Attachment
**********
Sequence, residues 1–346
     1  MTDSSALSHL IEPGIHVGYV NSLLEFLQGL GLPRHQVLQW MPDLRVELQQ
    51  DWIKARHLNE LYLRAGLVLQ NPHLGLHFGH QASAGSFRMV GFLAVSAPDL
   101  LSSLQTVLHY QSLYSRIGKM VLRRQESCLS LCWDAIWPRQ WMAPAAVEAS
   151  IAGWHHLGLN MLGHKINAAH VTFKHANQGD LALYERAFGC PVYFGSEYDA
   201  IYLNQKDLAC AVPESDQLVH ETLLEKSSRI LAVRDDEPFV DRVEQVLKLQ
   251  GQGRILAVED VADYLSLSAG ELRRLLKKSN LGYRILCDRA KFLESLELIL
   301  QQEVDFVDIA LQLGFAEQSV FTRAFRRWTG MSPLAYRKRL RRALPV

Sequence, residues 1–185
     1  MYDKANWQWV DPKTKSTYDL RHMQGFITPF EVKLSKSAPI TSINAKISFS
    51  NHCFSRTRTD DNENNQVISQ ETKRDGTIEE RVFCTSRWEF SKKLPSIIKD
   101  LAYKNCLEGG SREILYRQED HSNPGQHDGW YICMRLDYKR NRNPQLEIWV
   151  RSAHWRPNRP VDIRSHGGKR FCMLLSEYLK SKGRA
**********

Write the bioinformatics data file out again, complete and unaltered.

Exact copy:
Sequence, residues 1–346
     1  MTDSSALSHL IEPGIHVGYV NSLLEFLQGL GLPRHQVLQW MPDLRVELQQ
    51  DWIKARHLNE LYLRAGLVLQ NPHLGLHFGH QASAGSFRMV GFLAVSAPDL
   101  LSSLQTVLHY QSLYSRIGKM VLRRQESCLS LCWDAIWPRQ WMAPAAVEAS
   151  IAGWHHLGLN MLGHKINAAH VTFKHANQGD LALYERAFGC PVYFGSEYDA
   201  IYLNQKDLAC AVPESDQLVH ETLLEKSSRI LAVRDDEPFV DRVEQVLKLQ
   251  GQGRILAVED VADYLSLSAG ELRRLLKKSN LGYRILCDRA KFLESLELIL
   301  QQEVDFVDIA LQLGFAEQSV FTRAFRRWTG MSPLAYRKRL RRALPV

Sequence, residues 1–185
     1  MYDKANWQWV DPKTKSTYDL RHMQGFITPF EVKLSKSAPI TSINAKISFS
    51  NHCFSRTRTD DNENNQVISQ ETKRDGTIEE RVFCTSRWEF SKKLPSIIKD
   101  LAYKNCLEGG SREILYRQED HSNPGQHDGW YICMRLDYKR NRNPQLEIWV
   151  RSAHWRPNRP VDIRSHGGKR FCMLLSEYLK SKGRA